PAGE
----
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Indonesia: Post and Telecommunications
Country Study > Chapter 3 > The Economy > Infrastructure and Services > Post and Telecommunications

POST AND TELECOMMUNICATIONS


The national postal system was the most important means of communication for the majority of citizens. By the late 1980s, postal services were available in all subdistricts and in 844 transmigration areas. A substantial increase in the total number of post offices from about 2,800 in 1980 to 4,800 in 1989 improved the capacity and quality of this extensive communication network.

Indonesia had a sophisticated telecommunications system as a result of early investments in satellite communications. The first Indonesian Palapa satellite was launched in 1976 and was replaced in 1987 (Palapa was named for a vow of abstinence made by fourteenth-century prime minister Gajah Mada). A total of 130 earth stations supported long-distance direct dialing among 147 cities, and permitted international direct dialing to 147 countries. A total of 266 automatic telephone exchanges and 480 manual exchanges had a capacity of 1 million telephone lines, which was 80 percent utilized in 1990. New regulations in the late 1980s permitted secondary communications services, such as fax and cellular phone operations, to be supplied by private businesses in cooperation with the government's Directorate General of Radio, Television, and Film.

Television and radio communications were dominated by the government networks, Radio of the Republic of Indonesia (RRI) and Television Network of the Republic of Indonesia (TVRI). The satellite communication system brought television signals to every village in the country. In the early 1990s, there were some 11 million television sets or an average of 56 per 1,000 people nationwide. Broadcasting was received from eighteen governmentowned stations in major cities throughout the country and foreign cable news broadcasts and television programming via satellite. Starting in 1988, a private commercial television channel, Rajawali Citra Televisi Indonesia (RCTI), was permitted to operate in the Jakarta area, where it offered ninety hours of pay programs per week. In 1991 a second private television station started in Surabaya and in 1992 the government permitted six more stations to operate, expanding service in Central Java, southern Sumatra, Batam, and northern Sulawesi.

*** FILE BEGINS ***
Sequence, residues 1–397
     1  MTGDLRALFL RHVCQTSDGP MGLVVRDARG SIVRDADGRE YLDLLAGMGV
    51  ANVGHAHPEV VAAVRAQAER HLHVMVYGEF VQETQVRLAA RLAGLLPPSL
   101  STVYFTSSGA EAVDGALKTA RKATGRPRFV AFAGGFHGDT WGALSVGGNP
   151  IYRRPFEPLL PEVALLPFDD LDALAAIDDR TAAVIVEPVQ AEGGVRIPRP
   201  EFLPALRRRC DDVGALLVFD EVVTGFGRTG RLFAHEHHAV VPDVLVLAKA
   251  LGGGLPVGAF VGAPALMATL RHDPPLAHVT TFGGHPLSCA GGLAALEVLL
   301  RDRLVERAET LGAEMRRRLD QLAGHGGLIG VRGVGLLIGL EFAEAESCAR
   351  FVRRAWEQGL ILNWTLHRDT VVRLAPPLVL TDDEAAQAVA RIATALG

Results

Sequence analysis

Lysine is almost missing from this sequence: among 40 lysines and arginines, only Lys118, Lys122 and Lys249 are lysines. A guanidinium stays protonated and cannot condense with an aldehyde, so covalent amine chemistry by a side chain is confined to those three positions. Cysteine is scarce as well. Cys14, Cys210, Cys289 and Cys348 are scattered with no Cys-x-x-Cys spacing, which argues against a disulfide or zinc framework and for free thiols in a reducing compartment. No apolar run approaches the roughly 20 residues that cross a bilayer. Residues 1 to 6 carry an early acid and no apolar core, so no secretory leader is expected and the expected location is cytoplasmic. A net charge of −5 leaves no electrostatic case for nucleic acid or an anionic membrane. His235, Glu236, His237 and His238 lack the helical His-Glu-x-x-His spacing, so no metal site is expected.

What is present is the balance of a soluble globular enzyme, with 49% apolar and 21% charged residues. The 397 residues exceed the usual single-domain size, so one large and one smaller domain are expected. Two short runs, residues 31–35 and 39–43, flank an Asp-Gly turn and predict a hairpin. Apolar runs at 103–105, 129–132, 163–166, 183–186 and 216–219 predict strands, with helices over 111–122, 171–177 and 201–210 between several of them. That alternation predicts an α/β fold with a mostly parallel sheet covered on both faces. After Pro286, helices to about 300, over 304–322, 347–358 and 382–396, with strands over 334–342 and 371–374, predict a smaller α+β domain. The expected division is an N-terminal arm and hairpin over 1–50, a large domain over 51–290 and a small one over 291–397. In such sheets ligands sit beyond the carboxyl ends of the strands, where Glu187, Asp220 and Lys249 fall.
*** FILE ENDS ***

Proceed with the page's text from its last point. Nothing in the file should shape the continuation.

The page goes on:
Radio broadcast stations and radio sets were numerous in Indonesia in the early 1990s. There were some 530 medium-wave, around 140 short-wave, and 28 FM privately owned stations and some 22 million sets or 112 sets per 1,000 people. Government-owned RRI, from its central station in Jakarta, offered national, metropolitan, and FM stereo domestic programming and daily foreign programs -- The Voice of Indonesia -- in Arabic, Chinese, English, French, German, Indonesian, Japanese, Malay, Spanish, and Thai. These programs were broadcast from stations in Jakarta and Padangcermin in Lampung Province.

Data as of November 1992




Last Updated: November 1992


Editor's Note: Country Studies included here were published between 1988 and 1998. The Country study for Indonesia was first published in 1993. Where available, the data has been updated through 2008. The date at the bottom of each section will indicate the time period of the data. Information on some countries may no longer be up to date. See the "Research Completed" date at the beginning of each study on the Title Page or the "Data as of" date at the end of each section of text. This information is included due to its comprehensiveness and for historical purposes.

Note that current information from the CIA World Factbook, U.S. Department of State Background Notes, Australia's Department of Foreign Affairs and Trade Country Briefs, the UK's Foreign and Commonwealth Office's Country Profiles, and the World Bank can be found on Factba.se.

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Section 128 of 210






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